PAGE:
It’s the morning after the BC election. Liberals are a minority government, running a very close second is the NDP. The Green Party did alright with some penetration. Conservatives non existent. From a design perspective, the BC Liberals failure was self inflicted–and it has everything to do with design and a forgotten brand.
What is the party colour of the NDP? Orange of course, might be your answer.
What is the colour the conservatives? Blue.
What is the colour of the liberal party? Red.
What is the colour of the Green Party? Green I hope.
Pretty simple questions with no complicated answers. For generations these colours have been embedded in the minds of all Canadians. Wikipedia has a web page dedicated explaining the history of these party colours.
Where did the colours, fonts, logos come from?
Through consultation and research graphic designers build graphics that assists in telling the business story and the business tells its story to its customers. The newly created graphics made up of colours, shapes, fonts, photos, are put into a document called graphic guidelines. The graphic guidelines assists the business in keeping its overall look of the business consistent so when a customer sees the product they unconsciously identify the colours and fonts used, logo and other graphical elements and an impression is made. The more times impressions are made the likelihood of a person thinking of the product when it’s time to buy are much great than no previous impression being made at all.
The BC liberal party is guilty of straying from the Federal Liberal parties graphical guidelines. The morning after BC Premier Christy Clark called the election I drove by some election road signs for Dallas Smith and thought wow the “Conservatives” sure have their stuff together. It wasn’t until days later when I realized Dallas Smith belongs to the Liberal party.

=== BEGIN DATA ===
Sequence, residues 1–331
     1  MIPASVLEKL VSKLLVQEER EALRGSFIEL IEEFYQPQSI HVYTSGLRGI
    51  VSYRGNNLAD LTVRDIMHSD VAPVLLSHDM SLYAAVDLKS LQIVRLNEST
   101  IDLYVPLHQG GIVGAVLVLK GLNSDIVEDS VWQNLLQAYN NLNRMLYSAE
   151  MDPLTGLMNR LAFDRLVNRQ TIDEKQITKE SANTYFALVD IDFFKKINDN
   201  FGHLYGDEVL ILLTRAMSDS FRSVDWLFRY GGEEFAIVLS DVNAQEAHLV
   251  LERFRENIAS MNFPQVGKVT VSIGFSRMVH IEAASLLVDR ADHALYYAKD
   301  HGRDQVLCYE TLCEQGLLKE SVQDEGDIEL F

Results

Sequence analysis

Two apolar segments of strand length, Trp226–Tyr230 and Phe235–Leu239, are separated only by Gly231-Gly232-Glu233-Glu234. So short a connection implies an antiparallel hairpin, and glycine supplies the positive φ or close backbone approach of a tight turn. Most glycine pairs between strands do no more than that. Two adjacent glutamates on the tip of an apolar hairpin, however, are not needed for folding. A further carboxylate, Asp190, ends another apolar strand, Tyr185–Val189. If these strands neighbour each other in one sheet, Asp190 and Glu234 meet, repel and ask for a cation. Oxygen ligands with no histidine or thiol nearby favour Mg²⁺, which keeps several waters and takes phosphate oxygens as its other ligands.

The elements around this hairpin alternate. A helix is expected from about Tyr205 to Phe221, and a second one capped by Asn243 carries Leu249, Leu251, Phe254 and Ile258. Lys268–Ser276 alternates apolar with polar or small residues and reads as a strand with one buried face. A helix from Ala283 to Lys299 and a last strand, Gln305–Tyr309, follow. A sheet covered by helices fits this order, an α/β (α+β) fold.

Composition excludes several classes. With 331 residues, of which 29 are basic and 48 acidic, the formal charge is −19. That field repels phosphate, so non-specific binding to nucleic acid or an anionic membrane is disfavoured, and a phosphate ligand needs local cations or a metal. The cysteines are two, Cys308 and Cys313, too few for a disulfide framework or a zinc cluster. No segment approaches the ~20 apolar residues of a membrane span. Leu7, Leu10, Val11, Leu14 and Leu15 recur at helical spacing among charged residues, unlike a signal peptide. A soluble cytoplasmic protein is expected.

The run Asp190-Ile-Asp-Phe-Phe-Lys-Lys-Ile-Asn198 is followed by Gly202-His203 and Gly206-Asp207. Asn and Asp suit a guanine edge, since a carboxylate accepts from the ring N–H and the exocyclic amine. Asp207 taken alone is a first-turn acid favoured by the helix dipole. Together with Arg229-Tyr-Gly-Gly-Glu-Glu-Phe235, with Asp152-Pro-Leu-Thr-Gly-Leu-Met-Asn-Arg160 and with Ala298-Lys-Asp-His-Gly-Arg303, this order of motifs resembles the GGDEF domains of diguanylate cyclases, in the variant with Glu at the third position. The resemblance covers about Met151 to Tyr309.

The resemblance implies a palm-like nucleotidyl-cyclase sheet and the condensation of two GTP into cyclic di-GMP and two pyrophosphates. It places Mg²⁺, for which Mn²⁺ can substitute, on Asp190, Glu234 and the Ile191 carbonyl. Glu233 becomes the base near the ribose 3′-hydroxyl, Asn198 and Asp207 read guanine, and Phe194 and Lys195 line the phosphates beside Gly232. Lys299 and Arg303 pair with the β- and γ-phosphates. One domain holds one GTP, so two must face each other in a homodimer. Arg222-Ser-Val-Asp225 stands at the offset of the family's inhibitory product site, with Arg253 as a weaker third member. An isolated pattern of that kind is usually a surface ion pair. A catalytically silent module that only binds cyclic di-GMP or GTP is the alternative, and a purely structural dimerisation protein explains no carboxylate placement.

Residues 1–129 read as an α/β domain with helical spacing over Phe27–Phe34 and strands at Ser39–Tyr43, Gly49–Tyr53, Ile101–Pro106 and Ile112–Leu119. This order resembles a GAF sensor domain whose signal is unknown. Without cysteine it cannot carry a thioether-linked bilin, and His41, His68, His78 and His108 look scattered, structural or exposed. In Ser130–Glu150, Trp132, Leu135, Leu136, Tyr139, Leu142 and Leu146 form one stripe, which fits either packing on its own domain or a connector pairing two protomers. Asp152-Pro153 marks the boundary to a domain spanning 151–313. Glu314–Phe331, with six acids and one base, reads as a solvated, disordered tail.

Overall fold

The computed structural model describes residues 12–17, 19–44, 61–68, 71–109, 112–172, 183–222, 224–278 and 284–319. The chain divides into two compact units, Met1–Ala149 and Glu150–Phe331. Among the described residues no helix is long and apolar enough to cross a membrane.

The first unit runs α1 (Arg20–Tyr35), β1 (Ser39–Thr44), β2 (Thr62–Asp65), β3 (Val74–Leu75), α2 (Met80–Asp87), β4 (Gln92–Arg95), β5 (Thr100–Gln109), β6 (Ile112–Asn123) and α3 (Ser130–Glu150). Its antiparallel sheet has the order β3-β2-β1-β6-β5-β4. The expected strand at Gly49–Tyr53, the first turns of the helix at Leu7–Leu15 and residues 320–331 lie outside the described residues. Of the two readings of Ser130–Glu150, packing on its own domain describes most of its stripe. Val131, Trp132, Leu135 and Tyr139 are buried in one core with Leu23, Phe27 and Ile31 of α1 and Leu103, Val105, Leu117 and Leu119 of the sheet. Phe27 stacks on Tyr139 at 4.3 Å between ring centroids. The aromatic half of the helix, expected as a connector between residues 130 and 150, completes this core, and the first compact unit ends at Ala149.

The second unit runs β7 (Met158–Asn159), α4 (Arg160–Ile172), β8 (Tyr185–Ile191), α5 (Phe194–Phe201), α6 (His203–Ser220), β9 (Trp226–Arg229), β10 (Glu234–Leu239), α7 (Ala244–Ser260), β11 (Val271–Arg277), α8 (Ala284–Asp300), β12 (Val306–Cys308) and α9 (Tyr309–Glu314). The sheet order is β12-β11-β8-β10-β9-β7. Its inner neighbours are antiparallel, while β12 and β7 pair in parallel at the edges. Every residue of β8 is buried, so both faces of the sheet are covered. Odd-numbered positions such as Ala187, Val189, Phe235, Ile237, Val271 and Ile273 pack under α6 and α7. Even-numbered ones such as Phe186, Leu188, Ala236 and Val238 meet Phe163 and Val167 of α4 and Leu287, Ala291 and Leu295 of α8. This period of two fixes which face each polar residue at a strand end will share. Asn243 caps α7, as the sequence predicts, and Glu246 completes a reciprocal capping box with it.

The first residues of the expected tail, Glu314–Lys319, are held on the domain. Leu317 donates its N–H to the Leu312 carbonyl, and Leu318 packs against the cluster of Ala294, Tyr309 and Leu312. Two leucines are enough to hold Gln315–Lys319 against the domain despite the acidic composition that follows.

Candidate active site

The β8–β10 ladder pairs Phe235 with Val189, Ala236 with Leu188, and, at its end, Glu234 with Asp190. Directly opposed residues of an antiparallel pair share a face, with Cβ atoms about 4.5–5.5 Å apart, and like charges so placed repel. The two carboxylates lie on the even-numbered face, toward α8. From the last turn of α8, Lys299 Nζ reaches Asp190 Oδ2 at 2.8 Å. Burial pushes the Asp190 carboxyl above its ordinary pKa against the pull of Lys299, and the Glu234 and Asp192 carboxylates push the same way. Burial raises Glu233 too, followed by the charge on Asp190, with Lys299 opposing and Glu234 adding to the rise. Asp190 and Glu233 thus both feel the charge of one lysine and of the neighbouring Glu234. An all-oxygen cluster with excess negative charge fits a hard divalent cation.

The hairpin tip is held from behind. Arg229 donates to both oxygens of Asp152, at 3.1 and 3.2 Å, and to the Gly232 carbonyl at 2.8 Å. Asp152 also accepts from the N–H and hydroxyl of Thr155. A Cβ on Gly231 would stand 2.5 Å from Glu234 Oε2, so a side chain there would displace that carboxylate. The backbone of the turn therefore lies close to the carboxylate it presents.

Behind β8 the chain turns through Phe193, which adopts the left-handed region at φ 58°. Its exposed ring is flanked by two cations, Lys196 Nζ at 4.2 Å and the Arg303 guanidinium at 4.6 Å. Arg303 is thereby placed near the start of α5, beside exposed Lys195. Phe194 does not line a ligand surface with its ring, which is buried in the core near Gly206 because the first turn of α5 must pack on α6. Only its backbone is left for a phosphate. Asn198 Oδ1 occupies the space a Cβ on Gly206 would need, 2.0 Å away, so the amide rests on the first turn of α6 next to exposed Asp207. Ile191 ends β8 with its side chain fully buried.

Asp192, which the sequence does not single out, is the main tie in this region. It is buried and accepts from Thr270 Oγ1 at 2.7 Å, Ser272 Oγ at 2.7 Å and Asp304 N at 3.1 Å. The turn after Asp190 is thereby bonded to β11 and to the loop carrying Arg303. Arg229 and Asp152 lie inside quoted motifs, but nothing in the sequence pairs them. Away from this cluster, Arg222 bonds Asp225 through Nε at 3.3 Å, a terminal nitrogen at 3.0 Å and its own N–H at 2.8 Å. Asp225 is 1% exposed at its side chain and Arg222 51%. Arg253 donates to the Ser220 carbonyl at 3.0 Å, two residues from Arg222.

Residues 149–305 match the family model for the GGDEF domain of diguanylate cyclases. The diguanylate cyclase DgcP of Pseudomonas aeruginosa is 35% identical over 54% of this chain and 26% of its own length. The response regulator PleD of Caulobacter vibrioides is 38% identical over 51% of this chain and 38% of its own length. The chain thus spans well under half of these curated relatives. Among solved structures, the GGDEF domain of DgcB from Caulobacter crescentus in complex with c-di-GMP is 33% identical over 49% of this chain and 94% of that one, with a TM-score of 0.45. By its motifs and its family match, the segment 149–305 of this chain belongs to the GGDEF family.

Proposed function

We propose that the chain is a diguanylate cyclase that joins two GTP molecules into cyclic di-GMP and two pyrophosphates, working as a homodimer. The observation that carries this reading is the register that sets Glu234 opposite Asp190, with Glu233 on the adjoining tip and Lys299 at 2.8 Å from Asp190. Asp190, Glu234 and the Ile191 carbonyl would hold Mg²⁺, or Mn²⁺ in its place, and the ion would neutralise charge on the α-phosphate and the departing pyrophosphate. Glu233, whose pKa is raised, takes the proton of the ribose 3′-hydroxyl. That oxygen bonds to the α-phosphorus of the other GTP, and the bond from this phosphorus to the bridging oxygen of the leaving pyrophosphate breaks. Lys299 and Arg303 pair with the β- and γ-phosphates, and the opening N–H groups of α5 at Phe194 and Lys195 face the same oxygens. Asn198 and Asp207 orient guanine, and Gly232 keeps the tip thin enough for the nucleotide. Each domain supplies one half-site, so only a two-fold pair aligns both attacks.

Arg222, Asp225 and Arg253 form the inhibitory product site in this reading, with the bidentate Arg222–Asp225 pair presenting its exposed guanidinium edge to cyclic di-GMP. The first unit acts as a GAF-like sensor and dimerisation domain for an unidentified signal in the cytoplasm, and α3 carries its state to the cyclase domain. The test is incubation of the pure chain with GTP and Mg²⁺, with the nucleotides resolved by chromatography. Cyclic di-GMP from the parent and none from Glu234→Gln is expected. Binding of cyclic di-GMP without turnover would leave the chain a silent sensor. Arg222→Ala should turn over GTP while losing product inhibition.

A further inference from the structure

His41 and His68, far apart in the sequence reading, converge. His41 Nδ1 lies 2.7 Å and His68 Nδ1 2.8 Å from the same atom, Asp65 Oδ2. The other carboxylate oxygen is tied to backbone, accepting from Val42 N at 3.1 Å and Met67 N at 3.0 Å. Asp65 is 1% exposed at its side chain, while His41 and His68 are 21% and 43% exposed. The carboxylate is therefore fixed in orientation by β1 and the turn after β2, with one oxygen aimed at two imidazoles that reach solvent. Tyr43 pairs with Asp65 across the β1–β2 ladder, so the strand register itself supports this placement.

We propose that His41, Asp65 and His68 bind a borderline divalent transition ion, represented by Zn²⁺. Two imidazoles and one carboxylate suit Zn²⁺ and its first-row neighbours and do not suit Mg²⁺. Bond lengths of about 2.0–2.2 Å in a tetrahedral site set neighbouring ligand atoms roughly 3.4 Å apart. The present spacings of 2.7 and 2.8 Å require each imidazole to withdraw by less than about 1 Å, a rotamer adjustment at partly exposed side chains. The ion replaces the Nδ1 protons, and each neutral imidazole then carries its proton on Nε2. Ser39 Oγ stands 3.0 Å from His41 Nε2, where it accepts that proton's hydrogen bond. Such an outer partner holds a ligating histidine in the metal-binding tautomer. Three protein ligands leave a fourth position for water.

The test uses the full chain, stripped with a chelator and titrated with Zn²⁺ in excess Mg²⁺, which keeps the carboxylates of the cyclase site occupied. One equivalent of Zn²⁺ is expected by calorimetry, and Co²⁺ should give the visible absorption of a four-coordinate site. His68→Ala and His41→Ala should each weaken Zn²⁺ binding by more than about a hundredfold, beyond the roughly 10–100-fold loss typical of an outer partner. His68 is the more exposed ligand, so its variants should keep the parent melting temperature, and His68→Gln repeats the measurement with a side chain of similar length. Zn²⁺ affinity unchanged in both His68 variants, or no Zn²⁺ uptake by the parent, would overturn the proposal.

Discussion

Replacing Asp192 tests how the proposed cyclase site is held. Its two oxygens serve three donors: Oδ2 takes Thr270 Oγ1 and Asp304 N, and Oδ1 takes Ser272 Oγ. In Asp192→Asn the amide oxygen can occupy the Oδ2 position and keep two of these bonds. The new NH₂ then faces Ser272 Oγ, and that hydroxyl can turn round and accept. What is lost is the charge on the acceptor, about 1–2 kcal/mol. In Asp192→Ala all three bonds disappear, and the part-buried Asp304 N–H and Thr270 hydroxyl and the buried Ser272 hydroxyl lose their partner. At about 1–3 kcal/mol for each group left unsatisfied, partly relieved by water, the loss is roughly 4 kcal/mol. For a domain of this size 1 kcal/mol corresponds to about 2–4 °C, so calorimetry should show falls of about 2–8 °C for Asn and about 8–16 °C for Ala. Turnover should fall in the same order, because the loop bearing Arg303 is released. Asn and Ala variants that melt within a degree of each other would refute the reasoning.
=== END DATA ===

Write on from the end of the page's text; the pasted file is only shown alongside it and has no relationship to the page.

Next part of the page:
First impression. Confused. But why? I pulled over to look at the sign to see why this happened. Wow. BC Liberals went with 80% blue background colour, no Liberal fonts, no Liberal logo or Liberal red. I Googled their website on my iPhone, wow the same but more blue, no Liberal logo and limited use of red. Very Progressive Conservative’ish. (by the way…Liberal parties in all other provinces use the graphic guidelines). As you probably know, the BC Liberals have been distancing themselves from the Federal Liberal party brand for a while now, thinking it was hurting them. I believe from that exact day of launching their new brand the confusion started. Fast forward to today and we are seeing the results of the seeds she sowed.
The reality is the Federal Liberal brand was non-existent throughout the 2017 BC Election campaign, except for Christy Clark wearing Liberal red at special events (makes me wonder why wear red if you are trying to distance yourself from Liberal red for everything else?). This lack of commitment to the Liberal parties brand lead to confusion and left Liberal voters wondering if their party was leaning toward Conservative ideals.
This morning when you see ridings where the winners won by 8, 100, 500, low thousands, it makes me wonder if outcomes could have been different had someone paid closer attention to the Federal Liberal party graphic guidelines. The clarity with which all the other parties stood by their brand created a confidence that voters could take to the polls.
In business when you are selling, as in elections, the last thing you want to do is confuse the customer. If a potential customer is confused during the selling process chances are they will not buy from you. They will walk and shop around. Also, if your customers do not see you–it’s out of sight and out of mind.
Graphic Guidelines are meant to be followed by everyone on the same team. Sending out the same consistent message.
To be clear we do not favour one political party over another. This was an observation only meant to help businesses succeed.